Lincolnshire auction takes the medal
By William Gregory MRICS, Golding Young and Mawer.
The Auction Rooms are an excellent place to find the unusual and interesting. The history that items can convey is no better expressed than by medals and medallions.
By their very nature medals tend not to be of an ephemeral nature and have often been cherished long after they have been awarded. This can result in items in good condition being offered for auction.
Recent examples sold include a souvenir medal commemorating the shooting down of a German Zeppelin during the second raid on Hartlepool in World War One on 27th November 1916.
The airship is recorded as having dropped a total of 46 bombs before it was hit and went down in the sea. Unfortunately, there appears to be no historic recording of anyone involved with the initials ‘JWF’.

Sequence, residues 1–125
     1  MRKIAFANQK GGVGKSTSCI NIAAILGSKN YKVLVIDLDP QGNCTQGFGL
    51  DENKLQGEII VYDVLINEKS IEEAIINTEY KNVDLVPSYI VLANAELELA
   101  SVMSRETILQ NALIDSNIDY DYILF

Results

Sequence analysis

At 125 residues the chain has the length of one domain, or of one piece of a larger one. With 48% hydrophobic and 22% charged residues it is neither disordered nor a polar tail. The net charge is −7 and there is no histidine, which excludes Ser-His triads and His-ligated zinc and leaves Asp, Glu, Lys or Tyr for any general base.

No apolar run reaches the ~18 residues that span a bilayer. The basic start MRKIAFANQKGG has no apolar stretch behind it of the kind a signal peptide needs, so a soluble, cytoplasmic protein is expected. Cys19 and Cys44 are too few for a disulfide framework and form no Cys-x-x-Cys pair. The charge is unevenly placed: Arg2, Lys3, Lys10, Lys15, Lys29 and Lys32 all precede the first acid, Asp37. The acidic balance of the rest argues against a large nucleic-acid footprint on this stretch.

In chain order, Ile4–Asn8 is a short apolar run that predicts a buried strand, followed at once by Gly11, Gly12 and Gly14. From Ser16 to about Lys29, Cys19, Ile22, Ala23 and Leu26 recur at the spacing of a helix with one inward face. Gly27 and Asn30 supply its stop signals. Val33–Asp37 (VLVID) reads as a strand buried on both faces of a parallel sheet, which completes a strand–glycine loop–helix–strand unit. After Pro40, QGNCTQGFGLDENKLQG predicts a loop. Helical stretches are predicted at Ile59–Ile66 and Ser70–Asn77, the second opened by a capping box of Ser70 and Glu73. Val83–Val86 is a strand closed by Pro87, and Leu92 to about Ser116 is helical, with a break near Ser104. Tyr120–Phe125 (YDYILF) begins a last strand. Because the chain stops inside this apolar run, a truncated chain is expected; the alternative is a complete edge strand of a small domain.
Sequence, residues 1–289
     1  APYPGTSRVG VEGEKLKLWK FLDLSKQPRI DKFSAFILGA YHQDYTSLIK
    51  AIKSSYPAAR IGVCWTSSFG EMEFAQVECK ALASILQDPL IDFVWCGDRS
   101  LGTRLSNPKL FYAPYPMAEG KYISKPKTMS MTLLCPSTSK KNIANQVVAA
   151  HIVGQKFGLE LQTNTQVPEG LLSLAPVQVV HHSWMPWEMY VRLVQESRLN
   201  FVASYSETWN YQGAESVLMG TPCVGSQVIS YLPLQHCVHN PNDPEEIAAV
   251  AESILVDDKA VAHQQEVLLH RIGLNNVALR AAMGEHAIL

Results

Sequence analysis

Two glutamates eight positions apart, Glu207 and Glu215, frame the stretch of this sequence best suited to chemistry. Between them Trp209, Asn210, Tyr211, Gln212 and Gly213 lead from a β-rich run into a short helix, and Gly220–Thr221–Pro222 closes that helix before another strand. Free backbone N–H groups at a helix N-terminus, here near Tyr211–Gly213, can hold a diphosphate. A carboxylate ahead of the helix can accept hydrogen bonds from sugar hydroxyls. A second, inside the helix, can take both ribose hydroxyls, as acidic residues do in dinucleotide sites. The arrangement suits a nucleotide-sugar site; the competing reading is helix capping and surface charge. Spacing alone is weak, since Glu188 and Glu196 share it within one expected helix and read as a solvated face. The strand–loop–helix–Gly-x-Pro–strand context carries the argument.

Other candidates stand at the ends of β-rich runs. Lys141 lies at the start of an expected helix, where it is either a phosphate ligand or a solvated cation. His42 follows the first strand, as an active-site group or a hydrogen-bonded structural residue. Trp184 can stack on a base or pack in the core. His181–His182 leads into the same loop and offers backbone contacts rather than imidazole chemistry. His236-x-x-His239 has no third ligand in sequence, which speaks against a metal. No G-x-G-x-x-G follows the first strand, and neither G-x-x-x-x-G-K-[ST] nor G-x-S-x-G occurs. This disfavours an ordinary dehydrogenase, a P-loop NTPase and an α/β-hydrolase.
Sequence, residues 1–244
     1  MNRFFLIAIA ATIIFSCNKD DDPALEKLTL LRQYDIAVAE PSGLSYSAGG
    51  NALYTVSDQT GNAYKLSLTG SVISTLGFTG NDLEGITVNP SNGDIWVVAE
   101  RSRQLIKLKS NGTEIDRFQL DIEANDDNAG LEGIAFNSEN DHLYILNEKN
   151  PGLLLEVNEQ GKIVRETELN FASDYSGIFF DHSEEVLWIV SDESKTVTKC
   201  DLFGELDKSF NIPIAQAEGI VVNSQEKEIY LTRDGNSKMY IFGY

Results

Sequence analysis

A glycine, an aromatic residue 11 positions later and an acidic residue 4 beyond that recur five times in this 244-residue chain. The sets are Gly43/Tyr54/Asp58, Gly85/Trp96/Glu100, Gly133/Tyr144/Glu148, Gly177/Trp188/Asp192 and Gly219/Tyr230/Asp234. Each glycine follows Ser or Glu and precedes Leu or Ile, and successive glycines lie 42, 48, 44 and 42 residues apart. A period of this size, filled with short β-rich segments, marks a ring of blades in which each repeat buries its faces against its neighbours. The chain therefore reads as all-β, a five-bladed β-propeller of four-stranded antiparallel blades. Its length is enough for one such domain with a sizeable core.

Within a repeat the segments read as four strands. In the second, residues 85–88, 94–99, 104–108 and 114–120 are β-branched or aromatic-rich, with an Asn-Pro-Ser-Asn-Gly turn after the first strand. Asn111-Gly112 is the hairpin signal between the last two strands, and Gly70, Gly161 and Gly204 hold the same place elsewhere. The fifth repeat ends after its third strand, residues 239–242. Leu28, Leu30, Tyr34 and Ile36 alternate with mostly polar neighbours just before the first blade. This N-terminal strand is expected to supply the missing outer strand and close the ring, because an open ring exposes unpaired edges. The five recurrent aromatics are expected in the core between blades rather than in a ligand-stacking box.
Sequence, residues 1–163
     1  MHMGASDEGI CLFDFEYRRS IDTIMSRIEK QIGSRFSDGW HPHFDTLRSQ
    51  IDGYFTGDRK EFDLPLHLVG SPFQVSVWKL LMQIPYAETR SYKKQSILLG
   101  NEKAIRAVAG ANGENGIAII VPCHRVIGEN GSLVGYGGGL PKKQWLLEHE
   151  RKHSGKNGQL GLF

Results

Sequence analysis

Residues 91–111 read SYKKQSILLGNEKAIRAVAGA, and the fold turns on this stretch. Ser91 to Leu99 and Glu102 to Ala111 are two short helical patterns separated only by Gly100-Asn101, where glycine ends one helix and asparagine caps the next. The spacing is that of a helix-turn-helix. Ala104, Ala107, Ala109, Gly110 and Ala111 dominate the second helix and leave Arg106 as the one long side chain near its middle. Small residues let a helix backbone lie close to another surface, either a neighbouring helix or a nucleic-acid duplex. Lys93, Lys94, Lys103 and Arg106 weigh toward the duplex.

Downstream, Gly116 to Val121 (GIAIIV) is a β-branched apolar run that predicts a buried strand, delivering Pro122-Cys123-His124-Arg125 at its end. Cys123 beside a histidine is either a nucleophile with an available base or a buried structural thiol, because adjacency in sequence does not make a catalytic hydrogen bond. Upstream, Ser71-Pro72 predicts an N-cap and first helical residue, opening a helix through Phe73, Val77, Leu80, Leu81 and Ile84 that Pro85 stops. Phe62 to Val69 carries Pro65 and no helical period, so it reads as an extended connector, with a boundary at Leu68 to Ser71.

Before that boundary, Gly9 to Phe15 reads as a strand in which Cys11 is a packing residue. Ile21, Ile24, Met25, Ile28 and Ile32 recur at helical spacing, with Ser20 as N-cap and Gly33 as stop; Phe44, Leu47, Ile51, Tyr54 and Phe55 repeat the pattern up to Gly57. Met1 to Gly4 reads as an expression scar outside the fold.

G Carpenter was the recipient of the Queen Victoria Military General Service medal. Awarded retrospectively, it is recorded that only some 26,000 were awarded with a total of 21 clasps. The example offered by auction recently bore the Egypt clasp authorised in 1850 and made £1,100 at auction.
A more recent medal trio comprising Queen Elizabeth II service, campaign and long service medals awarded to Corporal JH Greaves RA sold for £150.
Nottingham sculptor Ernest Gillick (1874-1951) designed the National Emergency medallion, awarded for service on the General Ten Day Strike of May 1926. The example in the auction was offered with its original fitted case.
Finally, a group of Masonic medals sold for £100. The items were of local interest as they included a silver and enamel Round Table Lodge of Lincolnshire Founder’s jewel.
Full details and results can be found at www.GoldingYoung.com